In the interest of those who are not from Ireland but would like to travel abroad and get married there (i.e., a “destination wedding”), what are the legal steps non-residents must take in order to be handfasted?
Contact PF Ireland, and then the local Registrar of Marriages.  The couple can do the paperwork with certain Registrars by post, but must turn up, in person, five days before the Handfasting to sign legal declarations.

What is now the legal difference between getting married in a Christian church or getting married in a Pagan handfasting ceremony (if any)?
Only the building and ceremony.

Equality feels good.  Is there anything else that you would like to add about handfastings in Ireland ?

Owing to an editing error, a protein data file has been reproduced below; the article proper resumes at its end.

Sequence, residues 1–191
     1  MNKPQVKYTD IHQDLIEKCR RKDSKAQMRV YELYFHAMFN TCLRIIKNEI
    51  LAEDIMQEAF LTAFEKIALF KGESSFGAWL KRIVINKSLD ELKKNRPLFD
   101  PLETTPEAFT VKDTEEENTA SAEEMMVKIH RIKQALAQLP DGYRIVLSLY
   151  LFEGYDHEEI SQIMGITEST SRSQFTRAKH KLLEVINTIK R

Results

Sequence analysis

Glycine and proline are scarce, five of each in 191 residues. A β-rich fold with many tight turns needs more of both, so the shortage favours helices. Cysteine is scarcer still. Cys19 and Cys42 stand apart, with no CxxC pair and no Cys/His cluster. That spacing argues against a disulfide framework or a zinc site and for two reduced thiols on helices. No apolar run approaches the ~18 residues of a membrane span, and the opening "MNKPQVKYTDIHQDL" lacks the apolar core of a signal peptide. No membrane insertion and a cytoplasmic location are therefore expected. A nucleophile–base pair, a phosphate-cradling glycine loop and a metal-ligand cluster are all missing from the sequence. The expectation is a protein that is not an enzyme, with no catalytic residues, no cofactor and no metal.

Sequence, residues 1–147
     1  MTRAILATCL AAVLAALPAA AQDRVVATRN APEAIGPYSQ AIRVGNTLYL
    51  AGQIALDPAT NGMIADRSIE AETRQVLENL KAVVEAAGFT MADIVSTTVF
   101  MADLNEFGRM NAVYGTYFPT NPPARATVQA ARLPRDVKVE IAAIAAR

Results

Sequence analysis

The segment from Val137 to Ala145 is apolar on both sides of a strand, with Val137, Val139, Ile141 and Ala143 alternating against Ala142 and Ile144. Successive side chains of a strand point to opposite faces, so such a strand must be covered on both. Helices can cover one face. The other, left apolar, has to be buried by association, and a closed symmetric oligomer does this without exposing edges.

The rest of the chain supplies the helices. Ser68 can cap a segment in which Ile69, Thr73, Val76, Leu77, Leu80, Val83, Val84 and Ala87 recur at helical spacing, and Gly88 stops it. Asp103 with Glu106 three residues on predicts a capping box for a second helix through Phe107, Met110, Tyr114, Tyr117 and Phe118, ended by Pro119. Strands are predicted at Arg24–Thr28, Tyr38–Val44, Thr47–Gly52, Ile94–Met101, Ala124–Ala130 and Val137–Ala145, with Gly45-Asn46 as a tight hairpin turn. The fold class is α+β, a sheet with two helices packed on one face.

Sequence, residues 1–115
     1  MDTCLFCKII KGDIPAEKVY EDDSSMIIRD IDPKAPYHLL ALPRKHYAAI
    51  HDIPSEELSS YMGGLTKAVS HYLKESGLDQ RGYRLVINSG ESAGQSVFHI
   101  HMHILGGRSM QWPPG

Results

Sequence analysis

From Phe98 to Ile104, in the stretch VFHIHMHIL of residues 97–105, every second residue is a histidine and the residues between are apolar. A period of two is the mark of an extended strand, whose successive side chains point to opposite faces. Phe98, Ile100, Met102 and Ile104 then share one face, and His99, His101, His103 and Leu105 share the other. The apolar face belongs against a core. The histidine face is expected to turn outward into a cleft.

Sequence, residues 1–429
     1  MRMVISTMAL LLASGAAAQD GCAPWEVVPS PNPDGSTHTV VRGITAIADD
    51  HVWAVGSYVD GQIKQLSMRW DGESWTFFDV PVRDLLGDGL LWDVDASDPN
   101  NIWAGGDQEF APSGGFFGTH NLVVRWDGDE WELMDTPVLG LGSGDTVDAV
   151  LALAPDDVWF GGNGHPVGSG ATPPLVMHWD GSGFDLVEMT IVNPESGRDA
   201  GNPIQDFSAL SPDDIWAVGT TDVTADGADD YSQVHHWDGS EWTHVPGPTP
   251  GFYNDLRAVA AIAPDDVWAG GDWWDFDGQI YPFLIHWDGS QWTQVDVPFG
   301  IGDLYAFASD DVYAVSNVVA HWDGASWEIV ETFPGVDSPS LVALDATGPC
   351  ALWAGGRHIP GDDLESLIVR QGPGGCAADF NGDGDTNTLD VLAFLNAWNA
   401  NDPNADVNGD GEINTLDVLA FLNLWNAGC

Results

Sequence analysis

Beware the weather!  Have an indoor alternative available.  And a beautiful woodland setting might seriously attract midges [blood-sucking bugs]. We once had to conduct a ceremony a light speed, to prevent becoming human sacrifices to the great midge lord.

Gross!  Any fun facts about yourself, either personal or professional, that you would like to share with our readers?
I’m a Ninja (Bujinkan Budo Taijutsu) instructor in my spare time. I also brew my own mead for the Handfasting ceremonies with the water that outflows from Brigid’s sacred well in Kildare.

Impressive.  Thanks again to Rev. Ray Sweeney and the great folks of Pagan Federation of Ireland for standing up for Pagan rights!

To learn more about the Pagan Federation of Ireland click the link below:

www.paganfederationireland.webs.com

This interview can be found in our complete newsletter here:

http://archive.constantcontact.com/fs016/1101919941921/archive/1103356158306.html